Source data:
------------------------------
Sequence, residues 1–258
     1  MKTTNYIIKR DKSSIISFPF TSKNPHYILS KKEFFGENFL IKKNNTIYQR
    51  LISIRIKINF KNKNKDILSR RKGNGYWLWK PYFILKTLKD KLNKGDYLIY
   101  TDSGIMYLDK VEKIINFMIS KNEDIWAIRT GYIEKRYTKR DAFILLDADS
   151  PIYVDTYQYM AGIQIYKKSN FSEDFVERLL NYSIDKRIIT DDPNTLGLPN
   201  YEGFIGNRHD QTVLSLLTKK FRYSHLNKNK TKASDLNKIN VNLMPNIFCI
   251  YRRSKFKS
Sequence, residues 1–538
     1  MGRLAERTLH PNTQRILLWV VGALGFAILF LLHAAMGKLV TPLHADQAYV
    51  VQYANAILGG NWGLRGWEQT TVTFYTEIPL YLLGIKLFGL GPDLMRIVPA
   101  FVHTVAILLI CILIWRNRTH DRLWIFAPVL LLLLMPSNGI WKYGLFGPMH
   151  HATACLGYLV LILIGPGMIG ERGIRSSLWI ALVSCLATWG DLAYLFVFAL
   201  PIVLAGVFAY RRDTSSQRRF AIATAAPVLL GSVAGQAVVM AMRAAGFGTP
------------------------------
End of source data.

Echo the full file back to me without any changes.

Sequence, residues 1–258
     1  MKTTNYIIKR DKSSIISFPF TSKNPHYILS KKEFFGENFL IKKNNTIYQR
    51  LISIRIKINF KNKNKDILSR RKGNGYWLWK PYFILKTLKD KLNKGDYLIY
   101  TDSGIMYLDK VEKIINFMIS KNEDIWAIRT GYIEKRYTKR DAFILLDADS
   151  PIYVDTYQYM AGIQIYKKSN FSEDFVERLL NYSIDKRIIT DDPNTLGLPN
   201  YEGFIGNRHD QTVLSLLTKK FRYSHLNKNK TKASDLNKIN VNLMPNIFCI
   251  YRRSKFKS
Sequence, residues 1–538
     1  MGRLAERTLH PNTQRILLWV VGALGFAILF LLHAAMGKLV TPLHADQAYV
    51  VQYANAILGG NWGLRGWEQT TVTFYTEIPL YLLGIKLFGL GPDLMRIVPA
   101  FVHTVAILLI CILIWRNRTH DRLWIFAPVL LLLLMPSNGI WKYGLFGPMH
   151  HATACLGYLV LILIGPGMIG ERGIRSSLWI ALVSCLATWG DLAYLFVFAL
   201  PIVLAGVFAY RRDTSSQRRF AIATAAPVLL GSVAGQAVVM AMRAAGFGTP